Internship and placement

Austrain business culture guideWork experience

In Austria there are two legal forms of internship. You can either work as an employee or as a volunteer.  For pupils or students who want to become an employee, the normal labour and social legislation applies. As a volunteer these laws do not apply.

The regulations that apply to citizens from the “old” EU-Member States (those who became members before 01.04.2004) are the same as those for all Austrians. For all others, the regulations in the “Ausländerbeschäftigungsgesetzes” (AuslBG) apply.

Knowledge of the German language is important as not everyone speaks English. The opportunities for working in Austria are largely within the tourism industry, i.e. hotel services and sporting activities like skiing and gastronomy.

On the following websites you can find offers of student internships in Austria:

Tips and regulations for students who want to do an internship in Austria can be found here:

Internship and Placement advice

There are many practical issues related to international placements that need to be taken care of either by the trainee or the host company. It is important to reserve enough time for all the arrangements and the necessary formalities. The training organisations, educational institutes and home and host organisations are able to help with these.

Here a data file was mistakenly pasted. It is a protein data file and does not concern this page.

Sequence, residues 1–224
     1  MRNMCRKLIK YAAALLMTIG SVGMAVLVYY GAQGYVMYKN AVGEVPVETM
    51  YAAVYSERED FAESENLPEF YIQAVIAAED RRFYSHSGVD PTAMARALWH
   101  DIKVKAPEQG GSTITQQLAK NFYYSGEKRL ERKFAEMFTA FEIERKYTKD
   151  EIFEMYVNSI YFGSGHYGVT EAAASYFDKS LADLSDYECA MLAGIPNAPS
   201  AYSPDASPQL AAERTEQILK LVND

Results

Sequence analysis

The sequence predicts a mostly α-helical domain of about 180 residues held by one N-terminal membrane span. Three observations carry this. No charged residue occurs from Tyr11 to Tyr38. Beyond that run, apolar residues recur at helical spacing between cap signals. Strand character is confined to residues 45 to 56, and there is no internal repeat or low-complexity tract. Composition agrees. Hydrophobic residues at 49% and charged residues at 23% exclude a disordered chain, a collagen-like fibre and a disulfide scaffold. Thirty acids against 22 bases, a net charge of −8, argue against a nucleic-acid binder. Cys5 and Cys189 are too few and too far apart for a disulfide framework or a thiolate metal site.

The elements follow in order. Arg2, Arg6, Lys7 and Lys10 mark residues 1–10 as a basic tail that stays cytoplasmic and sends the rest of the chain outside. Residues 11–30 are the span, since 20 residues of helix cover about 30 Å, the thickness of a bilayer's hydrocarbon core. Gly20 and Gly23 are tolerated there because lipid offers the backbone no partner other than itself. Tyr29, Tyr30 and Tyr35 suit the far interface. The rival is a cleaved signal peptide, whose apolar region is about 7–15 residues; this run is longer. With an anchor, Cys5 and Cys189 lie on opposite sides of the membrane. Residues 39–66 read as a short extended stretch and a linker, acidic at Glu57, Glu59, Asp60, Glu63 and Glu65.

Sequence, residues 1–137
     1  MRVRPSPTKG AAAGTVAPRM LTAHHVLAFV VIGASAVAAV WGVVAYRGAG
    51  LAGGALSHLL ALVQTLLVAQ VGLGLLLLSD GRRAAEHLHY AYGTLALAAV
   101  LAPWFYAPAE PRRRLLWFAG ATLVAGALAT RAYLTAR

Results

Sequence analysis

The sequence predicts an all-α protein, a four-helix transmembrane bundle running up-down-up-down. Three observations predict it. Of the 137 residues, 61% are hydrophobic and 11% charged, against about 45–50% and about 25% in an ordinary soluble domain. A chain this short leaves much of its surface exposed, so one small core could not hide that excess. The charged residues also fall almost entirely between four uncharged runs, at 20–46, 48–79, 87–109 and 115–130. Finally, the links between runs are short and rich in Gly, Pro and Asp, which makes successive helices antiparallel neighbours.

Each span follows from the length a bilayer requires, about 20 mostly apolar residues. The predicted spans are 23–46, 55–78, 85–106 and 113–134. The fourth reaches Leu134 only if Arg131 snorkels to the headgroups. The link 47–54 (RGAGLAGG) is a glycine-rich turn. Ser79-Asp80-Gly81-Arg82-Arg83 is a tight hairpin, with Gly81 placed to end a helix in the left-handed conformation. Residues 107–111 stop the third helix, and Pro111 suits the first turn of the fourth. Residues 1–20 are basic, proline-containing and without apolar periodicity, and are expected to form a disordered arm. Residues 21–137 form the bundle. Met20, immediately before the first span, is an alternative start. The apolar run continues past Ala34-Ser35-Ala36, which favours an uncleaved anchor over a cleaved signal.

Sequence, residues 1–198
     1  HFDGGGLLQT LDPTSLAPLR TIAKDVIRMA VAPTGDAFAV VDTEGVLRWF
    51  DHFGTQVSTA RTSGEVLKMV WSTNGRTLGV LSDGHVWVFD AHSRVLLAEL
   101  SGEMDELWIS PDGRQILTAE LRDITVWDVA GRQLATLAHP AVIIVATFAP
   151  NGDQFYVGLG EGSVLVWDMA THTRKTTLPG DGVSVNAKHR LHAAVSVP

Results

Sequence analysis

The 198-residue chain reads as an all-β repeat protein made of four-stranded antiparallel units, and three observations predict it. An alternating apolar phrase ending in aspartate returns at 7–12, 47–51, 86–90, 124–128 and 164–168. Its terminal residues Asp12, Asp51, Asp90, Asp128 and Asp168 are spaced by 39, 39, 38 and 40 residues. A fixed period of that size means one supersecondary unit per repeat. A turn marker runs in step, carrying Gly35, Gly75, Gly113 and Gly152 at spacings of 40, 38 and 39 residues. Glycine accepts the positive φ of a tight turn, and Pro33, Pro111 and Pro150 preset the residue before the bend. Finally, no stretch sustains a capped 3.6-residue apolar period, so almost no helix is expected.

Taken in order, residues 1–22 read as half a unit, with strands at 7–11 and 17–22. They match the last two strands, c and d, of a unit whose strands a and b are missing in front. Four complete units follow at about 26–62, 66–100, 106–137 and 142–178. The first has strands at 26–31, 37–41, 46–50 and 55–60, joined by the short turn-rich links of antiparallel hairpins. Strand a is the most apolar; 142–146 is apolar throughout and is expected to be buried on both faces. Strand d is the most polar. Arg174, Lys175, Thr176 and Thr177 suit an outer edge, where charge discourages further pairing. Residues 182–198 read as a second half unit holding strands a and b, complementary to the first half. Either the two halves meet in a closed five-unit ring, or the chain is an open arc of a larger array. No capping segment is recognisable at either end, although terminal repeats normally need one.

Social security and European health insurance

Depending on the placement you do, the amount of money you earn and your nationality (EU/non-EU), health insurance may or may not be included. As a foreign student, the relevant insurances you could obtain are related to health, accident and travel.


Austria has one of the lowest crime rates in Europe and is one of the safest countries in the world. However, tourists can become targets of pick-pockets when gathering together in a group. Commonly known areas for pick-pockets are Vienna’s two largest train stations, the plaza around St. Stephen’s Cathedral, and the nearby pedestrian shopping areas.

Do I need a visa?

Austria is a member of the Schengen Agreement.

Nationals of the EU, Liechtenstein and Switzerland are treated like Austrians and therefore do not require work or residence permits. However, you must register your stay with the local authorities within three days of your arrival.

Non-EU-members need a work permit, a procedure which can be problematic and slow.

More information can be found here:

Internship and placement salary

Whether a placement is paid or unpaid in Austria will depend on the type of placement you are looking at. If the placement is paid you might get around 500€ a month. However, more positions are available for unpaid placements.

Internship and placement accommodation

If you do your placement within the hotel and restaurant industry it is likely that you will get free accommodation and food. Otherwise, you will need to find your own place to stay during your placement. In the capital a lot of flat share places can be found.

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